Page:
LensTip.com

Lens review

Canon EF-S 18-135 mm f/3.5-5.6 IS

7 December 2010
Arkadiusz Olech

8. Vignetting

The combination of a wide focal range and wide angle of view never favours the vignetting correction even despite a quite average fastness, which characterizes constructions of this type. The tested Canon surprised us nicely in the previous chapter, perhaps an equally pleasant surprise awaits us in this chapter too? Let’s have a look at the thumbnails below and check it out.

Canon EF-S 18-135 mm f/3.5-5.6 IS - Vignetting


No surprise here. At 18 mm and by f/3.5 the vignetting reaches a high level of 44% (-1.7 EV) and after stopping down to f/4.0 it decreases to 38%. The aberration is still noticeable by f/5.6 where it amounts to 22%. On further stopping down we see some improvement but it is rather slight because by f/8.0 we noticed the vignetting level of 20% and by f/11 it reached the value of 19%.


Please Support Us

The coronavirus crisis has been adversely affecting many businesses and, sad but true, ours is not an exception. Despite that difficult situation we would like to preserve continuity and high quality of publications available on all our websites. Still, we are now aware it might be impossible without additional financial help. That's why we would like to ask all those who visit, read, and care about Optyczne.pl, LensTip.com i Allbinos.com for support - it's enough you send us a small sum of money via PayPal. If a lot people decide to support our websites we think we'll stand a chance and survive next months without any lasting harm. We count on your support and understanding, stay safe and be healthy.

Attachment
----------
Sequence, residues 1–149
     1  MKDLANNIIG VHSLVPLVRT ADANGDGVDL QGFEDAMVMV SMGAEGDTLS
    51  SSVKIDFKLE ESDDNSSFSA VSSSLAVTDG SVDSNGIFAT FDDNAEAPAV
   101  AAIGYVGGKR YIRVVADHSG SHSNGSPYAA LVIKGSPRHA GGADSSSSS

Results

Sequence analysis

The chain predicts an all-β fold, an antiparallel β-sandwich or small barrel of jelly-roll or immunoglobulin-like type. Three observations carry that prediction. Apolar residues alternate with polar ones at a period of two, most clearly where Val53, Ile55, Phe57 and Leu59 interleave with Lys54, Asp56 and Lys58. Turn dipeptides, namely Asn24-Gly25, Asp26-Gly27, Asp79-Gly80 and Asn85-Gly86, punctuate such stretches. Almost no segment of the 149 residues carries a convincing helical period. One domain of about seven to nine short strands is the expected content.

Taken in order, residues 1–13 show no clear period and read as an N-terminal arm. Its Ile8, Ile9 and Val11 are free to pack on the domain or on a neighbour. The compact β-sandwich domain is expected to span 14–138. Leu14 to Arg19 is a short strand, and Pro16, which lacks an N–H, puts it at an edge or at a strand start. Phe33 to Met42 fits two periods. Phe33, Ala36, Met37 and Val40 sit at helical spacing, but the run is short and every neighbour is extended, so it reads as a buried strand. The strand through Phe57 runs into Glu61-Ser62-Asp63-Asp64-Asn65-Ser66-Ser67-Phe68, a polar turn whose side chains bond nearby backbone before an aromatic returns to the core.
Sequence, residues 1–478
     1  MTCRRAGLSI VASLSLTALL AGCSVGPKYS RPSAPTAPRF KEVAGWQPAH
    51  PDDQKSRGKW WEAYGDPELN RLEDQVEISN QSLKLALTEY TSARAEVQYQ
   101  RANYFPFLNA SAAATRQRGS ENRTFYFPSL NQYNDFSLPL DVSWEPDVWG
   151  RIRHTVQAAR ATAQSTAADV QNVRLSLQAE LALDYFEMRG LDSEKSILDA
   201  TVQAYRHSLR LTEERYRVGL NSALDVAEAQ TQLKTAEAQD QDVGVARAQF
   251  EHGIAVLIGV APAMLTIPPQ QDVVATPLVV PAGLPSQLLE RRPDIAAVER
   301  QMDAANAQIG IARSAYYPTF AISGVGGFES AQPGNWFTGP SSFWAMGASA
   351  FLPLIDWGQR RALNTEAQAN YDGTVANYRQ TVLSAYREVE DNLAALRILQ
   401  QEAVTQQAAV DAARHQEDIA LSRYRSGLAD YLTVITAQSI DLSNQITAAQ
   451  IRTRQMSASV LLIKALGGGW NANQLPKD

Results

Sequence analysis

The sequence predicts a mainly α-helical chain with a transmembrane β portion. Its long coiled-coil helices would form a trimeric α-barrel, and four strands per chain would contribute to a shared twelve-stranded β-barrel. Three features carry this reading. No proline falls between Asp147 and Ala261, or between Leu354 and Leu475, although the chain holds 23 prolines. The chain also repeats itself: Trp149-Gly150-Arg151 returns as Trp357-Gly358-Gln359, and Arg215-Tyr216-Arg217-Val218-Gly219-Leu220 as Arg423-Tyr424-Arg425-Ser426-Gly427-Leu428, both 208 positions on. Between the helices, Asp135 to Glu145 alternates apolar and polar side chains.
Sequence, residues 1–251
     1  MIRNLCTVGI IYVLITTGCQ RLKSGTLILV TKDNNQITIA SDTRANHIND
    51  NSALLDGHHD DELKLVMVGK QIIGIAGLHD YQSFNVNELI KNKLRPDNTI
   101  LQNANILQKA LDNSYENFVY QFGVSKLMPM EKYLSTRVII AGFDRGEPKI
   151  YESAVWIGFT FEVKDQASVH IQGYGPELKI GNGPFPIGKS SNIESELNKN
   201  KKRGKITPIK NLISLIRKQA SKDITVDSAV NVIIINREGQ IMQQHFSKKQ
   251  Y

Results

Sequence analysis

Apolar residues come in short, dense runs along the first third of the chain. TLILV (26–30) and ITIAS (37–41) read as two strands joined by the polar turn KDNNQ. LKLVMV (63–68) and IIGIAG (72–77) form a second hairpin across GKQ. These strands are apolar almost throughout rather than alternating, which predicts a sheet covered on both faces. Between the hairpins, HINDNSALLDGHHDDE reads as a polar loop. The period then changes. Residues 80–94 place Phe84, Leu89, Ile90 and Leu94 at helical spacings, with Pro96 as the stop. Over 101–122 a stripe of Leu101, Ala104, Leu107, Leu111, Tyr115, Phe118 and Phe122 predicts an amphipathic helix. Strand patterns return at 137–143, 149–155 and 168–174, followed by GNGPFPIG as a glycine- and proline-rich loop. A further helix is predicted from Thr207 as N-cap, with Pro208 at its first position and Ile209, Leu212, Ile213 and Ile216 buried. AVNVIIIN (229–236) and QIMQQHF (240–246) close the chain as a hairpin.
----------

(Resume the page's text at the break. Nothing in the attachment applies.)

- - - - - - - - - - - - - - - - - advertisement - - - - - - - - - - - - - - - - -

- - - - - - - - - - - - - - - - - - - - - - - - - - - - - - - - - - - - - - - - - - - - - - - -

The situation improves a lot at 35 mm focal length. At the maximum relative aperture the brightness loss in the frame corners gets to 27% (0.92 EV). On stopping down to f/5.6 the vignetting becomes hardly bothersome because it reaches just 16% and by f/8.0 it decreases to an imperceptible level of 10%.

When we lengthen the focal length further, some serious troubles with vignetting are back. At 70 mm and by f/5.6 the light fall-off in the frame corners is 36% (-1.31 EV). Fortunately this aberration decreases very quickly on stopping down, by f/8.0 amounting to 17% and by f/11 -to only 10%.

The results at 135 mm are even a bit worse. At the maximum relative aperture we must cope with the vignetting level of 40% (-1.5 EV) and by f/8.0 its value is still 22%. Only the usage of f/11 and f/16 apertures release us from this problem because the brightness loss in the frame corners amounts there to 13% and 8% respectively.

To sum up in this category the Canon 18-135 mm IS didn’t impress us much. However, to be honest, we didn’t expect to be impressed at all.


Canon EF-S 18-135 mm f/3.5-5.6 IS - Vignetting

Canon EF-S 18-135 mm f/3.5-5.6 IS - Vignetting

Canon EF-S 18-135 mm f/3.5-5.6 IS - Vignetting

Canon EF-S 18-135 mm f/3.5-5.6 IS - Vignetting